Designing an Information Architecture (IA) for Drupal is an incredibly challenging project – essentially you are trying to design an IA that allows just about anyone to do just about anything. Flexibility is very often the enemy of good design – people make good and fast decisions with fewer options not more – but how do you choose the right options so that they work for as many people as possible? Tricky stuff.
To give you a sense of the breadth of the scope – we need to design for both:
- people who use Drupal every day (efficiency & capability is key) and people who are brand new (evaluators & learners – does this make sense to me, does it appeal to me, will I be able to use it to do what I want?)
- Verity, the content creator (ref: Who Is D7UX for, very limited set of tasks but very frequent use) through to existing power users/developers (know Drupal inside out and don’t want the UI to get in the way)
In devising the proposed information architecture we have applied the following principles/philosophies/guidelines:
- less clicks is not necessarily better: some of the early feedback we have had to the IA has been along the lines of ‘but I can get to this in one click using the Admin header now – this means I’ll have to make 3 clicks, therefore the IA is not as good’. The number of clicks to content is actually a poor metric of information architecture usability. Much better is the number of mistakes made – people don’t mind clicks if they are not lost, if they are confident that they are getting closer to the content/functionality they seek. Our information architecture is designed to support wayfinding and reduce errors in a system that can grow incredibly large.
- few options shown = more decisions made: at the moment, Drupal tends to show all of its options all of the time, this is incredibly overwhelming for many users. Generally speaking, as humans we do really well at choosing between say 3-4 options, and very badly at choosing between 24 options. We want to ‘break down’ the decision making as much as possible by grouping things together well and using good (human friendly) labels.
- group & order by frequency of use & complexity – tasks that are performed with high frequency/repetition are very different to tasks that you do only occasionally, especially in Drupal.There are many differences between ‘adding content’ and changing the file path for uploaded files.The more frequently I perform a task the more familiar I become with it, the more I become interested in efficiency (being able to do it more quickly), the more skilled I am at performing that task. So, for adding content, what we want to do is move anything out of the way that will impact on efficiency. If I make a mistake adding an article I can very quickly recover that mistake without significant systemwide impact.Tasks that I perform infrequently (like setting the filepath for uploaded documents) are very different. I am going to have to find the location of this task again (as I won’t ‘remember’ where it lives most likely), if I get it wrong it could have a significant impact systemwide. Accuracy is very important.We have placed the very frequently accessed tasks at one end of the IA (Content) and the less frequently at the other end (Config & Modules) to aid both findability and to support the different ‘postures’ that users have for these different tasks.
Walking through the top level navigation:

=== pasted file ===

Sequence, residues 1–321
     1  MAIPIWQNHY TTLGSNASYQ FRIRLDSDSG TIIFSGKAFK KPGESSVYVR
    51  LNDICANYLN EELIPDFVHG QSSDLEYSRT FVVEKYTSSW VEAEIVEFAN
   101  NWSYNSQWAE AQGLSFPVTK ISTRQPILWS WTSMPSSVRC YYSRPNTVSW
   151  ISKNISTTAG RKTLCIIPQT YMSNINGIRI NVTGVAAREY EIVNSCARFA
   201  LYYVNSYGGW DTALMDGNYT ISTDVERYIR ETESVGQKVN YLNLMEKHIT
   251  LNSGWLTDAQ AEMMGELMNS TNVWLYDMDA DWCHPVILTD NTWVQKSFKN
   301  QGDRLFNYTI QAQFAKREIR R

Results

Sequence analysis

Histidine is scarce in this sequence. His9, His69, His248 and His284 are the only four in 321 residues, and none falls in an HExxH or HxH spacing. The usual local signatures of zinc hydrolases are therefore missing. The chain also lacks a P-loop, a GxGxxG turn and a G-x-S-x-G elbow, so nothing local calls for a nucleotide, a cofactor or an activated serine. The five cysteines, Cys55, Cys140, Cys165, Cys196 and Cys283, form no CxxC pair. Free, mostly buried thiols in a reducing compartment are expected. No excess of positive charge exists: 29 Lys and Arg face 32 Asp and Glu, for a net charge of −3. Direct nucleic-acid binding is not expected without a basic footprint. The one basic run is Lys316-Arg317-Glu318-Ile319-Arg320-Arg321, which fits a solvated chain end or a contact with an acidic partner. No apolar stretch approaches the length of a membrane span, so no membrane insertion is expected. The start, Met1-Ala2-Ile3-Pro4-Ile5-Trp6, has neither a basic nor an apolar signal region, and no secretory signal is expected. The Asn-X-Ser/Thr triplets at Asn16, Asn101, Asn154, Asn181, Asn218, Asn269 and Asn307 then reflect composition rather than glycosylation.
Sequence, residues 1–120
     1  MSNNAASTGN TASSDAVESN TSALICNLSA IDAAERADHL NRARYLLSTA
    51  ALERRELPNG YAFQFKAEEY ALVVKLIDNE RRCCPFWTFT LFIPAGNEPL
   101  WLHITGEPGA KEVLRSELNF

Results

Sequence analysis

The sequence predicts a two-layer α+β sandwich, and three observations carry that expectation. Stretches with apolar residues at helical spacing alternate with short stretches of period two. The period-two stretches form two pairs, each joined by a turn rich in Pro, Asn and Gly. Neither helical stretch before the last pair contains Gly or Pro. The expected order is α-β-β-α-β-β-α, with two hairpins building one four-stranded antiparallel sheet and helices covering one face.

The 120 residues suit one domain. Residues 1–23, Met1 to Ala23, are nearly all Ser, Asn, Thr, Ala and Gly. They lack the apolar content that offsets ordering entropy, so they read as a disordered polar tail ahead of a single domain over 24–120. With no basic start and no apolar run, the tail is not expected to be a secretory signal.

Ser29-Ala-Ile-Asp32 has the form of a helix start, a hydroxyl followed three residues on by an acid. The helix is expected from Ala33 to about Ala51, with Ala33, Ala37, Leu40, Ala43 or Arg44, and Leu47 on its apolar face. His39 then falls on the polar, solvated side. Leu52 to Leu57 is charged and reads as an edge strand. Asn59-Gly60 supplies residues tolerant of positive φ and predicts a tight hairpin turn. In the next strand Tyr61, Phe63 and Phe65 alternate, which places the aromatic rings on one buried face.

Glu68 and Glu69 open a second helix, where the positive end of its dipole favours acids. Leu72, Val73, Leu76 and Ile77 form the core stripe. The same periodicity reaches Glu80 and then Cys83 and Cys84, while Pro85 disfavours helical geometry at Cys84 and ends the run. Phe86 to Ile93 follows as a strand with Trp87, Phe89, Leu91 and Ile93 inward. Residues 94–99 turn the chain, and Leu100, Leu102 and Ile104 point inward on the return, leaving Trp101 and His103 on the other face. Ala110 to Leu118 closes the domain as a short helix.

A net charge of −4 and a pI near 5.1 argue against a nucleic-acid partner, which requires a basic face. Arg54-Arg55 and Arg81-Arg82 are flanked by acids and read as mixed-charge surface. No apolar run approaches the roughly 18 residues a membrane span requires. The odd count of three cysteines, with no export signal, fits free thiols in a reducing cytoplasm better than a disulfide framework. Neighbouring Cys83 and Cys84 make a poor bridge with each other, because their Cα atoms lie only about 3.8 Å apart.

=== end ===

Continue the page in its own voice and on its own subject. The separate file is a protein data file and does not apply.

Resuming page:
- Content: This is where you Add/Edit and Find content, including comments.
- Structure: This is where the ‘builder’ tools live – things that both have and create UIs, for example Blocks, Menus, and contrib modules like Panels and Views will live here.
- People: Similar to Content, this section allows you to Add/Edit and Find People on the site. People includes registered users and admins, but also lists of people extracted from content types (event participants, group members) – this is a kind of new concept so stay tuned for more details to follow.
- Appearance: Themes & Theme Config. This link is largely designed for ‘evaulators’ and new people to Drupal, as we know that Theme management is not a regularly accessed but is one of the first things that people look for and explore when ‘getting started’ with a content management system so we need to make it very findable (and also to send the right messages about Drupal and our attitude to design)
- Config & Modules: This is where you’ll find the configuration functionality that you access once in a blue moon (or possibly only the once when you set up the site) – we’re going to pull things like ‘roles’ and ‘permissions’ out of ‘people’ and put it over here (this is an example of the group & order by frequency of use & complexity principle). You’ll also get a full list of the currently installed modules, link to install new modules and ability to update/configure modules as well as a jumping off point for some of the major modules that require their own signficant interface, for example Ubercart.
Hack Your Own Experience:
There are so many different kinds of Drupal end users and Drupal sites that we need to provide an easy way to configure the interface to support your particular use case, and the way we are doing this is by allowing you to configure a set of ‘shortcuts’ on the taskbar (the icons below the header) and to configure a set of widgets for your dashboard (the first screen you see when you log in and accessible from the dashboard). So, for example, if your site was an online store, you might have dashboard widgets showing your latest orders, and a taskbar shortcut to your catalogue.
Next: I’ll be posting a detailed section by section analysis of the information architect and what goes where.